Directions: The following paragraphs are given in a wrong order. For Questions 41-45, you are required to reorganize these paragraphs into a coherent article by choosing from the list A-G to fill in each numbered box. The first and the last paragraphs have been placed for you in Boxes. Mark your answers on ANSWER SHEET 1. (10 points)
[A] Is that what the American viewing public is getting? Perhaps 10% of primetime network programming is a happy combination of entertainment and enrichment. There used to be television movies rich in human values, but they have now become an endangered species. I find television too much concerned with what people have and too little concerned with who they are, very concerned with taking care of No. 1 and not at all concerned with sharing themselves with other people. All too often it tells us the half truth we want to hear rather than the whole truth we need to hear.
[B] Why is television not more fully realizing its humanizing potential? Is the creative community at fault? Partially. But not primarily. I have lived and worked in that community for 32 years, as both priest and producer. As a group, these people have values. In fact, in Hollywood in recent months, audience enrichment has become the in thing. A coalition of media companies has endowed the Humanitas Prize so that it can recognize and celebrate those who accomplish it.
[C] Every good story will not only captivate its viewers but also give them some insight into what it means to be a human being. By so doing, it can help them grow into the deeply centered, sovereignly free, joyously loving human being God made them to be. Meaning, freedom and love——the supreme human values. And this is the kind of human enrichment the American viewing public has a right to expect from those who make its entertainment.
[D] The problem with American TV is not the lack of storytellers of conscience but the commercial system within which they have to operate. Television in the U.S. is a business. In the past, the business side has been balanced by a commitment to public service. But in recent years the fragmentation of the mass audience, huge interest payments and skyrocketing production costs have combined with the FCC's abdication of its responsibility to protect the common good to produce an almost total preoccupation with the bottom line. The networks are struggling to survive. And that, the statistics seem to indicate, is mindless, heartless, escapist fare. If we are dissatisfied with the moral content of what we are invited to watch, I think we should begin by examining our own consciences. When we tune in, are we ready to plunge into reality, so as to extract its meaning, or are we hoping to escape into a sedated world of illusion? And if church leaders want to elevate the quality of the country's entertainment, they should forget about boycotts, production codes and censorship. They should work at educating their people in media literacy and at mobilizing them to support quality shows in huge numbers.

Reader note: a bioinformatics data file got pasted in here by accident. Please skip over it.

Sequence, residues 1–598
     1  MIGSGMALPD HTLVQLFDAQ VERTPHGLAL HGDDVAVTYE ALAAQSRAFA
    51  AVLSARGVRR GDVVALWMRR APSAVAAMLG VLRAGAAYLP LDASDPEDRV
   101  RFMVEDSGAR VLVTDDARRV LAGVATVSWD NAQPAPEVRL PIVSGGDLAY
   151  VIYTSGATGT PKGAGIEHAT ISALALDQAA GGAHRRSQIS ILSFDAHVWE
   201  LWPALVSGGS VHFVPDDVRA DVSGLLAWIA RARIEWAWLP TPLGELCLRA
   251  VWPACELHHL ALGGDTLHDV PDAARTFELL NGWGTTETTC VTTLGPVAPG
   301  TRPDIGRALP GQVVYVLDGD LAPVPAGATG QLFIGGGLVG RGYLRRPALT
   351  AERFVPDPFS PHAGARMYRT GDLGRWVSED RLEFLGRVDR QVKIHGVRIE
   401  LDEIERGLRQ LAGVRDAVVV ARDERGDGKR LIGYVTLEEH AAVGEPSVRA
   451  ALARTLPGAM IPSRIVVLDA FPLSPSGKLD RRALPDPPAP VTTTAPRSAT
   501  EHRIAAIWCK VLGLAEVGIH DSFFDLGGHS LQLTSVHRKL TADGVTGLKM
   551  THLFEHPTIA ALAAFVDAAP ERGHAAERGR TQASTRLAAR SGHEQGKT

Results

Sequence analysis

[E] It is not a question of entertainment or enrichment. These are complementary concerns and presuppose each other. The story that entertains without enriching is superficial and escapist. The story that enriches without entertaining is simply dull. The story that does both is a delight.
[F] That is the only sure way to improve the moral content of America's entertainment.
[G] Despite questions of the motivation behind them, the attacks by the President and the Vice President on the moral content of television entertainment have found an echo in the chambers of the American soul. Many who reject the messengers still accept the message. They do not like the moral tone of American TV. In our society only the human family surpasses television in its capacity to communicate values, provide role models, form consciences and motivate human behavior. Few educator, church leaders or politicians possess the moral influence of those who create the nation's entertainment.
G 41 42 43 44 45 F